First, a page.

Sanders told MSNBC that he is “a bit tired of seeing billionaires trying to buy political power.”

“The Democratic primary shouldn’t be decided by billionaires, whether they’re funding Super PACs or funding themselves,” Warren’s campaign said in a fundraising email. “If you’re a billionaire, you can already buy yourself a mansion, a private island and even a yacht to get yourself there.”

Congressman Eric Swalwell, D-California, dropped out of the race on Tuesday; so Tom Steyer’s entry brings the number of democratic candidates in the field back to 24.

To see Tom Steyer’s campaign announcement video:

Original reporting by CNBC, Fox News, the New York Times, Politico’s Caitlin Oprysko and Mother Jones News contributed to this report.

Brandon Moseley is a senior reporter with eight and a half years at Alabama Political Reporter. You can email him at [email protected] or follow him on Facebook. Brandon is a native of Moody, Alabama, a graduate of Auburn University, and a seventh generation Alabamian.

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Congress

AFL-CIO endorses Adia Winfrey for Congress

Brandon Moseley

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Congressional candidate Adia Winfrey. (VIA WINFREY CAMPAIGN)

Monday, the Dr. Adia Winfrey for Congress campaign announces that she has received the endorsement of the Alabama AFL-CIO in her campaign for Congress.

At their annual convention last week, union leaders from across the state recognized Dr. Winfrey’s passion, ability to lead, and attentiveness to the issues affecting working men and women, as reasons to endorse Dr. Winfrey, the Democratic challenger, in Alabama’s Third Congressional District race.

“Labor unions have long been a leading force in our nation’s economy,” Dr. Winfrey wrote. “Workplace safety standards, employee benefits, equal pay for women, non-discrimination policies, and so much more can be attributed to directly to union members who were willing to speak up for what is right. I look forward to being a voice for Alabama’s hard working men and women in Congress.”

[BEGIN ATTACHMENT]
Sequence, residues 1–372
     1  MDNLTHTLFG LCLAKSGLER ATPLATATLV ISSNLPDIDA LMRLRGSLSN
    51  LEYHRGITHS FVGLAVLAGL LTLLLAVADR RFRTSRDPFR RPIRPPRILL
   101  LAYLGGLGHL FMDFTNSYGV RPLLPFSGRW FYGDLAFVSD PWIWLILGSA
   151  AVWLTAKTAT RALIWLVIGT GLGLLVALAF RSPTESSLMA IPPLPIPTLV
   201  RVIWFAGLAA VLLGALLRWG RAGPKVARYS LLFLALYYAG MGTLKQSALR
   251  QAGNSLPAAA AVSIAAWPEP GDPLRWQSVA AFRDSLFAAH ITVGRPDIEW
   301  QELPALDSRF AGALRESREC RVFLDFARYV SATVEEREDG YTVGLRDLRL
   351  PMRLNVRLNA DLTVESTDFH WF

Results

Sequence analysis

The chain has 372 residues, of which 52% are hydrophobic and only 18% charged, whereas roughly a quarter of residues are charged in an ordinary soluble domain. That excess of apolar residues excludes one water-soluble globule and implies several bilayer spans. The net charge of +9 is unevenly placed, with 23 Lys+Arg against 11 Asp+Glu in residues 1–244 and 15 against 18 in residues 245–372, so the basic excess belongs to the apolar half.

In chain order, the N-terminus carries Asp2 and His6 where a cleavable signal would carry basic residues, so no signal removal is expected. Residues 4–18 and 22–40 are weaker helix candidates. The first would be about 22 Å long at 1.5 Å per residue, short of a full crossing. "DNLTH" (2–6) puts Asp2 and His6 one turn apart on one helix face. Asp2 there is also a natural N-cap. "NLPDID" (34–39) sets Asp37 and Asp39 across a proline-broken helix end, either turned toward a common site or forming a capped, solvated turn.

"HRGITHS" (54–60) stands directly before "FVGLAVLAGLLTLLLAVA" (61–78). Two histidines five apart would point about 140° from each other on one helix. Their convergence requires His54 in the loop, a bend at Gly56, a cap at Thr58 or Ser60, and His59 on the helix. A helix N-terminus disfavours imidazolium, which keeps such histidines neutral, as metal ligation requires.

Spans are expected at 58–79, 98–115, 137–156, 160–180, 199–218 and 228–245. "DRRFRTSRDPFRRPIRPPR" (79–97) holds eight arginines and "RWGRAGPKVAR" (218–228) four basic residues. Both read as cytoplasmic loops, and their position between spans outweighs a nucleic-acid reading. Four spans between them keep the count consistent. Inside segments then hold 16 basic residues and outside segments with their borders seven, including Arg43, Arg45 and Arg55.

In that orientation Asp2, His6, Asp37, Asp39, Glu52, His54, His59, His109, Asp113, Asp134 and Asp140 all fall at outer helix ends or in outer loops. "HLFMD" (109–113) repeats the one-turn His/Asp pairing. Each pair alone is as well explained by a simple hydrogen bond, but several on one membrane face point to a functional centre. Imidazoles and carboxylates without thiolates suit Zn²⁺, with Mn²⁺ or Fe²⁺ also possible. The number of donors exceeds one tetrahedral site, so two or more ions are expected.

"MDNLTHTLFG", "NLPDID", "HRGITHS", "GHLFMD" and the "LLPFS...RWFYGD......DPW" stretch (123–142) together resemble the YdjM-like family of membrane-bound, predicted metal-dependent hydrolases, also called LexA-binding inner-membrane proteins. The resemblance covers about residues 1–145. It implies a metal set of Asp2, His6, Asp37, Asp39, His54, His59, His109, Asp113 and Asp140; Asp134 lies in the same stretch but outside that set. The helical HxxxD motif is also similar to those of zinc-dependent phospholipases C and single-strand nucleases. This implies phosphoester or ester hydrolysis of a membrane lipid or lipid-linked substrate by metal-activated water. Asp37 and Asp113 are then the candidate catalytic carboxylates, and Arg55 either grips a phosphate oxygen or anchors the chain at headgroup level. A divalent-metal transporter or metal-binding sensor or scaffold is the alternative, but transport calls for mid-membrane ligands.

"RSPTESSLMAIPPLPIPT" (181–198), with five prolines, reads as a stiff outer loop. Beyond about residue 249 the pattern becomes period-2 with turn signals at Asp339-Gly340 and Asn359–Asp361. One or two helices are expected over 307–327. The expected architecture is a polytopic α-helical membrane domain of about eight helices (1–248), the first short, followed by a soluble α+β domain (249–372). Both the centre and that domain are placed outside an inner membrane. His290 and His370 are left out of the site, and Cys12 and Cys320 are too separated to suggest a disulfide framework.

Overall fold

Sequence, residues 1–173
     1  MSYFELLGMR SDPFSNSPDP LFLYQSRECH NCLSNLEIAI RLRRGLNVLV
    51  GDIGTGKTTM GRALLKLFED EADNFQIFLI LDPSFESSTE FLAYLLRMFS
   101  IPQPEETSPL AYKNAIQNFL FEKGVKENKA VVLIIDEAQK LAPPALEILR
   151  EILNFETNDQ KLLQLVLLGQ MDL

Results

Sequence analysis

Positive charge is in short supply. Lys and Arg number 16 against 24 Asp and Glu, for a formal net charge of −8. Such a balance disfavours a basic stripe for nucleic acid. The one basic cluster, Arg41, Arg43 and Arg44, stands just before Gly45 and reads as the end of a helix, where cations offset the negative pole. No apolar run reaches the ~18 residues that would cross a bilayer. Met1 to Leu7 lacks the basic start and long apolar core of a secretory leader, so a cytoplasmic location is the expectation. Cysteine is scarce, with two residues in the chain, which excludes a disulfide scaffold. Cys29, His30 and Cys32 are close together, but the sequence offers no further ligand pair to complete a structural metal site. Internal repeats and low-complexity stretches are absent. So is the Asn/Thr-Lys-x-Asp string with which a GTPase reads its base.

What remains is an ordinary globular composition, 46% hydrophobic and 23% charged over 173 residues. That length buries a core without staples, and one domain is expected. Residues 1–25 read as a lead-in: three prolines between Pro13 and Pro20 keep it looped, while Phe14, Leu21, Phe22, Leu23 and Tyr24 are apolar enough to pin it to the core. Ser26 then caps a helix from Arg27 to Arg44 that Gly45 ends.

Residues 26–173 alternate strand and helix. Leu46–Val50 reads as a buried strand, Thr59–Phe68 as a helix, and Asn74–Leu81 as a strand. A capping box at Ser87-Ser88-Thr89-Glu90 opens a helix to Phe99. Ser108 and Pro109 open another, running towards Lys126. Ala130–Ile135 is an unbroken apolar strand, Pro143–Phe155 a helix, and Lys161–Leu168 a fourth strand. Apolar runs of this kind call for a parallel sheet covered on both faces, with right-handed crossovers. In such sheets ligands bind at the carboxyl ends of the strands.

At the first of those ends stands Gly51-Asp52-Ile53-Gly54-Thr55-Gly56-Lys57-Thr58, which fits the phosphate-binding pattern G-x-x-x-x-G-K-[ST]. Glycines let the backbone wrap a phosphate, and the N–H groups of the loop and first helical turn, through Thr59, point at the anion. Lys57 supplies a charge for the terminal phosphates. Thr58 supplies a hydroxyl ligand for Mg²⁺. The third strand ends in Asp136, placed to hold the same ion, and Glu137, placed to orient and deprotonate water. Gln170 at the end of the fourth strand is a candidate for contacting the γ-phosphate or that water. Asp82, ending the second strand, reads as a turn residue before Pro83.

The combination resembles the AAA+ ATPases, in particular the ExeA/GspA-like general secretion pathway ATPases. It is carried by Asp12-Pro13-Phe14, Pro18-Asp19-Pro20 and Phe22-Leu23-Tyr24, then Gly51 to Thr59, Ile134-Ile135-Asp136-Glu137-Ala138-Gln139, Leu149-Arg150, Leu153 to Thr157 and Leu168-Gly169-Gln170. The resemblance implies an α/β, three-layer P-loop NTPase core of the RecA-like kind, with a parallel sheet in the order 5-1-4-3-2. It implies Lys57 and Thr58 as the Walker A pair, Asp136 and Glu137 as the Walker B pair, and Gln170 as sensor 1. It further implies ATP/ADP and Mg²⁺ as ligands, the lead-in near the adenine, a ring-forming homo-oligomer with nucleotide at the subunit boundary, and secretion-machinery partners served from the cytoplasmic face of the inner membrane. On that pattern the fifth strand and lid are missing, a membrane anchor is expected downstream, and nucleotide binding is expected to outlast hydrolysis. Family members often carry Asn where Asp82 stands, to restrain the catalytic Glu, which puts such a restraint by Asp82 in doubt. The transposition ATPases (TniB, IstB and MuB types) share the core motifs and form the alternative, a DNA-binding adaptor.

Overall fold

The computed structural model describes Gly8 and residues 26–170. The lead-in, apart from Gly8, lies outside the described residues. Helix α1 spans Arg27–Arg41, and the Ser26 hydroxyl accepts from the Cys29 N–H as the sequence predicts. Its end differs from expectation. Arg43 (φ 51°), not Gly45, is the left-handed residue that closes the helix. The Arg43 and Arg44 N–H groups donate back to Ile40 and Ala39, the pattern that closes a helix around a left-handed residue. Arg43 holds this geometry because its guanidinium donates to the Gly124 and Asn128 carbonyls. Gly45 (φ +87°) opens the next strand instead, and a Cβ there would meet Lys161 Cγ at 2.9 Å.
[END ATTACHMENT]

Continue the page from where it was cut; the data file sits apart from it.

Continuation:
Dr. Winfrey is challenging nine term incumbent Mike Rogers (R-Saks) in the November 3 general election. During his 18 years in Congress, Mike Rogers has earned only a 16 percent lifetime rating by the AFL-CIO for his votes.

“For 7 generations my family has called Talladega, Alabama home,” Winfrey said. “I am the mother of four amazing children, a Doctor of Psychology, author, founder of the H.Y.P.E. (Healing Young People thru Empowerment) Movement, and…I am running for Congress in Alabama’s 3rd Congressional District! I believe in the future of our beautiful state and nation. It is time for leadership with a new vision which is #FocusedOnAlabama.”

Winfrey has a bachelor’s degree in psychology from Wilberforce University and a doctorate of clinical psychology degree from the Wright State University School of Professional Psychology. She is the founder of the H.Y.P.E. (Healing Young People thru Empowerment) Movement.

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Courts

Plaintiffs ask for panel of judges to reconsider ruling on Alabama voter ID law

Eddie Burkhalter

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(STOCK PHOTO)

Plaintiffs suing Alabama Secretary of State John Merrill alleging the state’s voter ID law discriminates against minorities on Monday asked a panel of judges to reconsider an appeals court decision that affirmed the law. 

The NAACP Legal Defense and Educational Fund on Monday filed a petition Monday asking that all of the judges on the Eleventh Circuit Court of Appeals reconsider the July 21 decision by a panel of three judges that fell 2-1 in favor of the state’s voter ID law. 

The 2011 law requires voters in Alabama to show a valid, government-issued photo ID to vote. The NAACP, Greater Birmingham Ministries and several minority voters sued, arguing that lawmakers knowingly crafted the law to prevent Black people and other minorities, who are less likely to have such photo IDs, from voting. 

The three-judge panel of the 11th Circuit Court of Appeals in its July 21 opinion found that the burden of Alabama’s voter ID law is minimal, and does not“violate the Fourteenth and Fifteenth Amendments of the Constitution, nor does it violate the Voting Rights Act.”

Merrill has argued that the state’s voter ID law is meant to deter in-person voting fraud and that the state makes available mobile photo ID units able to provide voters with the necessary IDs.

District Judge Darrin Gayles in his dissenting opinion wrote that voter fraud in Alabama is rare, and that “while there have been some limited cases of absentee voter fraud, in-person voter fraud is virtually non-existent.”

Gayles wrote that Merrill presented evidence of just two instances of in-person voter fraud in Alabama’s history.

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“Despite the lack of in-person voter fraud, Secretary Merrill claims Alabama enacted the Photo ID Law to combat voter fraud and to restore confidence in elections — a dubious position in light of the facts,” Gayles wrote.

Gayles noted that former State Sen. Larry Dixon, R-Montgomery, before his retirement in 2010, sponsored similar voter ID bills.